Will the push to eliminate microbeads in Ireland succeed?
[cs_content][cs_section parallax=”false” style=”margin: 0px;padding: 45px 0px;”][cs_row inner_container=”true” marginless_columns=”false” style=”margin: 0px auto;padding: 0px;”][cs_column fade=”false” fade_animation=”in” fade_animation_offset=”45px” fade_duration=”750″ type=”1/1″ style=”padding: 0px;”][x_feature_box title=”Why are microbeads terrible?” title_color=”hsl(0, 0%, 3%)” text_color=”hsl(0, 0%, 1%)” graphic=”icon” graphic_size=”60px” graphic_shape=”circle” graphic_color=”hsl(0, 0%, 100%)” graphic_bg_color=”#2ecc71″ align_h=”center” align_v=”top” side_graphic_spacing=”20px” max_width=”300px” graphic_icon=”question-circle” style=”color: hsl(0, 0%, 1%);float:right;border:2px solid green;”]Microbeads are tiny beads of plastic common in face-scrubs and toothpastes, usually as an exfoiliant. Microplastics are even smaller and found in practically all cosmetics. Given their small size they routinely pass through water filtration systems and into the food chain of organisms in the rivers and seas, causing harm to wildlife and often working their way back into the human diet. They also contribute to the ‘plastic soup’ that has accumulated in the world’s oceans. The Pacific Ocean is home to an immense patch of plastic rubbish known as the Great Pacific Garbage Patch.[/x_feature_box][cs_text]Microbeads may soon be on the way out. A bid to ban microbeads in cosmetics is been brought before the Seanad for second stage debate this Wednesday. The bill also seeks to eliminate microplastics in these products.
The bill, lead by the Green Party and Senator Grace O’Sullivan, is the latest in a list of decisions from other countries around the world. The Netherlands was first to announce its intent to be free of microbeads by the end of 2016. The UK government also plans to ban microbeads by 2017. France and Italy are now moving to introduce a microbead ban. They are currently outlawed in the US and Canada plans to ban them by 2018.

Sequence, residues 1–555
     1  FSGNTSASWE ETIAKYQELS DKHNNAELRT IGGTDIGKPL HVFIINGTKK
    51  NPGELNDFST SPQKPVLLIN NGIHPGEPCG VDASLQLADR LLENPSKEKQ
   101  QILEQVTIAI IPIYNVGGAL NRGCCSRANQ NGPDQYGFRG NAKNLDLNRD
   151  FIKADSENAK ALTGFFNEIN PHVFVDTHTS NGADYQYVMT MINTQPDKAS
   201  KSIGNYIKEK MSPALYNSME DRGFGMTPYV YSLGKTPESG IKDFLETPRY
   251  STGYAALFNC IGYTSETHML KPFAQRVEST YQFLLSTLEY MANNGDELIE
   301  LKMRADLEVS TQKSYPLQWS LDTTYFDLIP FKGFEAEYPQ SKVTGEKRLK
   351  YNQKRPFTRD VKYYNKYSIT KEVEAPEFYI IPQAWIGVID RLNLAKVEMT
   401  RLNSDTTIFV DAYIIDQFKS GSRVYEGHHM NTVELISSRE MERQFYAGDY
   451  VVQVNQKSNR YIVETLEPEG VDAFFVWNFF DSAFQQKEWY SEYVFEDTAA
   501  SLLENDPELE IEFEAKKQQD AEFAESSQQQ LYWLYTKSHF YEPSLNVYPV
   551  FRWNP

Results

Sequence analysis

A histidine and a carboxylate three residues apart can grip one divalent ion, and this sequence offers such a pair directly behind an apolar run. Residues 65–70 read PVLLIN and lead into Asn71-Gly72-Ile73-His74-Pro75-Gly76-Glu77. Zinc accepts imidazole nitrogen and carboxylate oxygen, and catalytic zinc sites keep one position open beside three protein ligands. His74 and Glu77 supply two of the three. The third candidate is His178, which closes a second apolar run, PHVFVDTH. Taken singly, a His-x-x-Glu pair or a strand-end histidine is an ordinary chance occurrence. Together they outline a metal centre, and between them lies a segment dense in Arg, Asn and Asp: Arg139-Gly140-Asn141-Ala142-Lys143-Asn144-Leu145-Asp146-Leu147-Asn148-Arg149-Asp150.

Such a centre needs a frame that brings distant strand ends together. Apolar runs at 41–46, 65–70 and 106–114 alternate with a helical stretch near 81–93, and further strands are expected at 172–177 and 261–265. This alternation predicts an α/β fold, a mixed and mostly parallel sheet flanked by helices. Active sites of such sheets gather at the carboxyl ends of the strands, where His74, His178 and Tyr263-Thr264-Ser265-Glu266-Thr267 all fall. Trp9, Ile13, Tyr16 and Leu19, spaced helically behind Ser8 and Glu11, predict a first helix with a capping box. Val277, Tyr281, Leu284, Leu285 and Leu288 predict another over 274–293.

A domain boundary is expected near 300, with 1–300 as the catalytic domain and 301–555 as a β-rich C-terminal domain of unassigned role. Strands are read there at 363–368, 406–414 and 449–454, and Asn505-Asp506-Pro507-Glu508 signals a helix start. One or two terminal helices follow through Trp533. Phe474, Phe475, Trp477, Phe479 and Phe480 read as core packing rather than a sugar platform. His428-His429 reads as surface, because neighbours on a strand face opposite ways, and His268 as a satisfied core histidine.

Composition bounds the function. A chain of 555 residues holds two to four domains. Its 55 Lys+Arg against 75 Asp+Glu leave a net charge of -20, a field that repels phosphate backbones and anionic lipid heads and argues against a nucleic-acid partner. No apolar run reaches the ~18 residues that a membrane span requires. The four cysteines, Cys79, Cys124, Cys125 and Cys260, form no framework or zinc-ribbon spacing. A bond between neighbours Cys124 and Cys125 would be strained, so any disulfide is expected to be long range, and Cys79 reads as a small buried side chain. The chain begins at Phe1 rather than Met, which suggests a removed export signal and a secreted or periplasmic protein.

Grace O’Sullivan commented: “There’s no need for this when there are equally effective ways of producing quality cosmetics and toiletries that offer value for money, but don’t leave a trail of destruction in their wake. The public awareness on this issue is growing. People are starting to move from the identifiably harmful products. But with such a penetration of micro-beads and micro-plastics in the cosmetics industry, many people are unwittingly flushing millions of micro-beads down the drain, whilst micro-plastics are even harder to detect.”
Back in 2014, An Taisce called for a “quick phase out” of microbeads, saying that the beads are absorbed or eaten by sea creatures and could potentially be absorbed by humans. The Irish government has said in the past that they ‘support the principle of banning microbeads’ so long as industry is given time to adjust.
Senator Grace O’Sullivan said that it was on the back of the government’s vocal support of bills that encouraged them to propose legislation: “We’ve had legislation ready on banning micro-beads for a while. We welcome that the government are considering such a ban. We’re sure there will be cross-party support on this bill, and we look forward to working with Government to implement a ban.”
Fianna Fail is thought to be working on a microbead bill of its own. It’s not clear whether the government will back the current proposed Green’s Bill, or wait until Fianna Fáil has drafted their version.
The bill is due to be debated in the Dáil and in Seanad Éireann at 2.30pm tomorrow.
Coastwatch are also launching their autumn 2016 beach survey results tomorrow in Trinity College, with discussions on key findings including microplastics, microbeads and their interactions with wildlife.[/cs_text][x_author title=”About the Author” author_id=””][/cs_column][/cs_row][/cs_section][cs_responsive_text selector=”.h-responsive” compression=”1.0″][/cs_content]